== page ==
The outer case is made from 100% recycled sustainably sourced paper pulp, while the waterproof inner lining is made from fully biodegradable and sustainable materials – the exact details of the composition is a closely guarded secret whilst patents are still pending. The company claims the inner lining is actually beneficial to the environment, neutralising soil acidity and providing nutrients to aquatic environments.
All elements of the bottle will fully biodegrade within ‘a few months’, whether they end up in the ocean or landfill. They don’t leave behind toxic micro-particles, or leach heavy metals into the environment.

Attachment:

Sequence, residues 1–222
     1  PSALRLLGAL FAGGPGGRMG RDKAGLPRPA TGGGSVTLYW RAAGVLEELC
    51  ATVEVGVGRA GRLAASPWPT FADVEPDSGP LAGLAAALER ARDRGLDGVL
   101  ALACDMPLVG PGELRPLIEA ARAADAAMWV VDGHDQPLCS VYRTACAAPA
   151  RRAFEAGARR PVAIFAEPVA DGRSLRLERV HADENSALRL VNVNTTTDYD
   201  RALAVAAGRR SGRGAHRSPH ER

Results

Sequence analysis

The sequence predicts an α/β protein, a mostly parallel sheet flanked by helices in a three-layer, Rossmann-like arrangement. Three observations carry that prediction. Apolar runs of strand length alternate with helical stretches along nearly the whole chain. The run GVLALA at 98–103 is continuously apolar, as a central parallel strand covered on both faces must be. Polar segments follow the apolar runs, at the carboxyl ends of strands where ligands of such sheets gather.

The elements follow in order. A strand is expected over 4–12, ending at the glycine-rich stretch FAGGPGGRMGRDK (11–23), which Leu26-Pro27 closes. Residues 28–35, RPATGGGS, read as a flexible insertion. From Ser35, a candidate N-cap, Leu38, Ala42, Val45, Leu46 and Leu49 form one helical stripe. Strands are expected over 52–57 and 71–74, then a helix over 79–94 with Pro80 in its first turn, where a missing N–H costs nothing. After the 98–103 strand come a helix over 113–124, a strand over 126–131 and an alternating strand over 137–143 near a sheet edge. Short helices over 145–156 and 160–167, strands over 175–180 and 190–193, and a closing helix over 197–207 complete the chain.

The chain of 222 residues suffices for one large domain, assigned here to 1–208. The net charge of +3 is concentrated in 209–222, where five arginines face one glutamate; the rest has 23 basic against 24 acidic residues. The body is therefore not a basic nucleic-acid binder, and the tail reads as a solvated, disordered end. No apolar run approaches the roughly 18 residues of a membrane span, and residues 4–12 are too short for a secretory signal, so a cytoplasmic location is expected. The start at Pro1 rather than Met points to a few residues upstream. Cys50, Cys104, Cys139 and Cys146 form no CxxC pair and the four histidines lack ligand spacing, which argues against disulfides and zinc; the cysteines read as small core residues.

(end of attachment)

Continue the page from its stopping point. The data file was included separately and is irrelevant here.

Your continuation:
The steel cap on the bottle will also rust and fully decompose within a year whereas, plastic usually takes hundreds of years to break down.
Longcroft, who lives in Scotland, is finalising patents and started crowdfunding in order for the bottles to be mass produced and stocked in supermarket shelves. He has raised just over £35,000 and expects the water bottle to be launched in September 2018.
According to The Times, he hopes the bottles will be sold for about 85p and 90p so that they become a worthwhile alternative to plastic.And it doesn’t stop there. Not only is the bottle completely biodegradable and sustainable, the brand also donates 100% of its profits to go to Water for Africa, helping provide clean water to thousands.